Are you suffering from Rude Doctor Syndrome?
By Kathryn Mayer
My most recent doctor introduction didn’t involve an introduction.
My new specialist came into the room, rummaged around, and what felt like many, many moments later, asked about previous test results without making eye contact. That’s when I said, “Well, first of all, hi. We haven’t met. My name’s Kate.” And then I reached out my hand.
She actually apologized for not introducing herself to me (kind of), but suffice to say, many, many weeks and visits later, she is not my favorite doctor.
After having been through enough doctor drama recently, I wanted to be assertive enough to show her that not introducing herself to a new patient was not OK. From a doctor, I want good care, yes, but I also want someone to actually care about me personally — at least enough to know what my name is or acknowledge my existence.
Though the thought has crossed my mind that I’m being too sensitive and may be the only one suffering from Rude Doctor Syndrome, it turns out I’m not.
A study from Johns Hopkins University confirms that bedside manner just isn’t what it used to be. Young doctors in their first year out of medical school are unlikely to take the time to introduce themselves to hospitalized patients, or to sit and have an eye-to-eye conversation with patients, the study found.
Sure, some may argue they don’t care about bedside manner, they care about competency. But how doctors treat their patients (personally, not literally — though that applies, too) makes a huge difference in patient care. Research shows that common courtesy from doctors improves a patient’s recovery and leads to greater patient satisfaction. It causes patients to heed doctors’ advice, to go for annual exams and to be more willing to bring up potential problems.
“It’s no wonder patients don’t feel connected to what we are telling them, because many times we are not doing as much as we could to make that connection,” study co-author Dr. Lauren Block, a former general internal medicine fellow at Johns Hopkins, said in a statement.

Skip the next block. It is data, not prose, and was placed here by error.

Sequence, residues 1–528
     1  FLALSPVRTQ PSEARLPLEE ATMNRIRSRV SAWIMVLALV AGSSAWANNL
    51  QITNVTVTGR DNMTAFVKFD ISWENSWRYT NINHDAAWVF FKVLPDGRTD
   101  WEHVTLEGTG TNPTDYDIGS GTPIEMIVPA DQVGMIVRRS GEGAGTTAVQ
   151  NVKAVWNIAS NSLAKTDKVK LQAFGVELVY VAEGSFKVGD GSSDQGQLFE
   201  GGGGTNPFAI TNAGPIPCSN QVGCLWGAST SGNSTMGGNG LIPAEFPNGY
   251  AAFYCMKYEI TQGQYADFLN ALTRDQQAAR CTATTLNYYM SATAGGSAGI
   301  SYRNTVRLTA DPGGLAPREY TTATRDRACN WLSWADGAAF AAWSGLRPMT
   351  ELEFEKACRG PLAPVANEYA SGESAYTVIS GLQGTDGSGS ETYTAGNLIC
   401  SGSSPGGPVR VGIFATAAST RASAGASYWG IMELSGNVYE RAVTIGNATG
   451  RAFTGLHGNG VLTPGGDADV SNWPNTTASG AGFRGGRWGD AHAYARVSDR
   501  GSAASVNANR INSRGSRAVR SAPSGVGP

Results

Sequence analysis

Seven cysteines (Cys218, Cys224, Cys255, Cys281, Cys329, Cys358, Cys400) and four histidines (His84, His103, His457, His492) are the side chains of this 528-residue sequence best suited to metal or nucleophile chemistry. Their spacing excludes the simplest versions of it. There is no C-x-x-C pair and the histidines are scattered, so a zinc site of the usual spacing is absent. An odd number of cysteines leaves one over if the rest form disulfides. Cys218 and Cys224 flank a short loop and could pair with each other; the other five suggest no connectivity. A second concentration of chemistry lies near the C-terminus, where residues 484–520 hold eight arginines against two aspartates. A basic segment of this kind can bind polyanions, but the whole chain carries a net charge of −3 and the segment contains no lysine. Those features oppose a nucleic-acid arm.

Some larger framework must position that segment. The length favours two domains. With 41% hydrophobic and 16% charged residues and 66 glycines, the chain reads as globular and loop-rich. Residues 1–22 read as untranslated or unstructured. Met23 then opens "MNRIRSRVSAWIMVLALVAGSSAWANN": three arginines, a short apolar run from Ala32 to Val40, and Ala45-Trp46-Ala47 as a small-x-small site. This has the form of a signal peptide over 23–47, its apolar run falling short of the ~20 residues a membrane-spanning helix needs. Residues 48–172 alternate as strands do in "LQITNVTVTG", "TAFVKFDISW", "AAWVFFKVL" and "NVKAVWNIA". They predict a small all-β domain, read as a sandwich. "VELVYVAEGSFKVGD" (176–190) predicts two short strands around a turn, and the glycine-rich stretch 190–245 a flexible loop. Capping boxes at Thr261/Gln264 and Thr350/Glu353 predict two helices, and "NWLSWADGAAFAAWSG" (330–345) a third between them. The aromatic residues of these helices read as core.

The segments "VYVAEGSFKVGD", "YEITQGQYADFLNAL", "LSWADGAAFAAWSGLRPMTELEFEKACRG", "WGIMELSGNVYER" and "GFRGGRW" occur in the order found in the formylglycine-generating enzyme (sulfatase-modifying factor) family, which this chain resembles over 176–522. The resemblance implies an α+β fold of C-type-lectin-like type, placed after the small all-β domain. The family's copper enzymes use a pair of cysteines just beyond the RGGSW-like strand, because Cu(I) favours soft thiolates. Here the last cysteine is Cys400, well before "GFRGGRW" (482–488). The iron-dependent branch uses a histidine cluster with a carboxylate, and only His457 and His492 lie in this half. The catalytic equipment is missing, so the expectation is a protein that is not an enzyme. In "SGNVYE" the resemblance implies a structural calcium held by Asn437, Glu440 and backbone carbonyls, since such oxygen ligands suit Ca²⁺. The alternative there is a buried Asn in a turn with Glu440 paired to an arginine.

The Johns Hopkins study researchers say the things doctors can do to fix the problem are easy. They include introducing themselves, touching the patient and asking simple questions, such as “How are you feeling today?”
Doesn’t seem like much to ask.
I don’t need a study to confirm this lack of common courtesy. I’ve had plenty of my own experiences (among them, seeing ER doctors who try to shuffle patients in and out as fast as possible).
A group of girlfriends and I (yes, I know this sounds stereotypical) recently were talking about our OB/GYNs. After talking about how much we dreaded going for our annual visit because we all hated our rude doctors, one admitted how much she liked hers.
Our conversation went something like this: “Oh my gosh, she’s good and she’s nice?”
“Yeah, she’s super helpful and really, really nice!”
Two of us have already switched to said nice, competent doctor.
I get it. Doctors are really busy and really stressed — especially with everything that’s going on in the medical world. But a lot of others are, too. Is being competent AND being nice too much to ask? Unfortunately, it is. But it shouldn’t be.
Originally published on BenefitsPro.com